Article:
Take options, never give them.
Univision's corporate suites, in a Century City high-rise, are tasteful, if slightly formal. Communication between executives takes place not just via e-mail but over an internal message system that announces who wants your attention. "Mr. Perenchio is calling," it will say.
That's how even some longtime employees refer to him: Mr. Perenchio. It's polite, if old-fashioned. And so is the unwritten dress code: Top women executives are discouraged from wearing pants or perfume, according to one former executive.
These days, Perenchio cuts a grandfatherly figure (he's got six grandchildren) with his white hair and cardigan sweaters. The top executives who make up his loyal inner circle are intensely protective of their boss, whom they describe as generous but demanding.
"He has a reputation for being a very tough fellow in the world of business, and he is," Warner Bros.' Horn said. "He's not afraid to say no, not afraid to take an unpopular position."
When he took over Univision, for example, he made sure the partnership agreement ensured the company's profitability by getting Azcarraga, who died in 1997, and Gustavo Cisneros, chief of Venezuelan media conglomerate Venevision, to provide their programming exclusively to Univision in the U.S.
That gives Univision an edge over its competitors because it can cherry-pick Televisa and Venevision's best shows. The agreement effectively blocks Televisa from joining forces with anyone else in the U.S. and runs an unheard-of 25 years, through 2017.
Azcarraga's son, Emilio Azcarraga Jean, now runs Televisa. He has long felt that Perenchio took advantage of his father, locking him into an ironclad contract before Univision's revenue began to skyrocket. After all, Televisa's telenovelas have driven Univision's huge ratings; the shows are hugely popular among the two-thirds of U.S. Latinos who are natives of Mexico or are of Mexican descent.
Televisa, which owns about 11% of Univision, supplies programming that brings in about 40% of Univision's revenue. But Televisa receives only 9% of Univision's net ad revenue.
In 1996, Perenchio further cemented his control when Univision became a public company. Though he owns nearly 11% of the company's stock, Perenchio received special shares that gave him more than 60% of the shareholder votes and let him pick a majority of the board of directors.
But with little more than a decade left to run on the programming pact, Perenchio knows he must sell sooner rather than later. Potential buyers will need time to make a return on their investment before Televisa can begin shopping its shows to competitors such as Telemundo.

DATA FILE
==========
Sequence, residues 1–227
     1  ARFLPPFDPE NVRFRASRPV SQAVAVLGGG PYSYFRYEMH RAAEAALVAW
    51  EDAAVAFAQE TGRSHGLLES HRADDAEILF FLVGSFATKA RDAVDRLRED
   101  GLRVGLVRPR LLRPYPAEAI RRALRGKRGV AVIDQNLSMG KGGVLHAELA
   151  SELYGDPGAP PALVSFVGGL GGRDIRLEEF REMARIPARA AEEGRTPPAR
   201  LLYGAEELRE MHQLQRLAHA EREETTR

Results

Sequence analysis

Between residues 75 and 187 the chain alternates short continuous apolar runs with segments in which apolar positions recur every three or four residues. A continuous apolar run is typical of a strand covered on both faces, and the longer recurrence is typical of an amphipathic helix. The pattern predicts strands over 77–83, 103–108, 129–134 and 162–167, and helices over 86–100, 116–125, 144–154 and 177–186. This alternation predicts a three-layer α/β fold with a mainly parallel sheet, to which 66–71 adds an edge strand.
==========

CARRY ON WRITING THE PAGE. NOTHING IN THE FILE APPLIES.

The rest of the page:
The man known for spot-on timing knows it's time to act.
Always, always take the high road. Be tough but fair and never lose your sense of humor.
Perenchio was born into a family of Fresno vintners in 1930. He loved working in the vineyards alongside his grandfather, an Italian immigrant who founded the Fresno Grape Exchange, a major fruit brokerage that served Central California and the Midwest.
In the late 1940s, Perenchio attended the Black-Foxe Military Institute, a boarding school in Los Angeles' Hancock Park. Students were expected to shine their shoes and march with precision. As a senior, he was voted "teller of tall tales" and "biggest showman and promoter."
While a business major at UCLA, he formed a company that booked bands and catered parties. After graduation, he joined the Air Force and became a flight instructor.
In 1958, he was hired by Lew Wasserman's Music Corp. of America as an agent. It was Wasserman who helped transform Hollywood's studio system, allowing the talent, and their representatives, to share in the riches.
In 1962, however, the U.S. Justice Department used antitrust laws to force the breakup of MCA, which had just acquired a studio and then had to divest itself of the talent agency. Perenchio, then a 31-year-old father of three, launched his own firm, siphoning off some of MCA's marquee clients, including Henry Mancini, Johnny Mathis and Williams.
Friends say Wasserman's continuing influence on Perenchio cannot be overestimated.
Howard Rose remembers going to see Perenchio about a job in 1968. Perenchio asked what salary he wanted.
"Whatever's fair," Rose said, hoping to impress his prospective employer.
Perenchio offered $65 a week -- $1 less than minimum wage. Rose took the job, and he soon got a raise. "He was more than fair.... I've been connected to him, one way or another, ever since," Rose said, recalling that years later, he asked why Perenchio had low-balled him.
"Usually, when you overpay you don't get results," Perenchio answered. Besides, he added, $65 a week was "what I got when I started at MCA."
When you suit up each day it's to play in Yankee Stadium or Dodger Stadium. Think big.
By the late 1960s, Perenchio owned one of Hollywood's top boutique talent agencies, with such headliners as Glen Campbell, the Righteous Brothers, Sergio Mendez, Richard Burton and Elizabeth Taylor.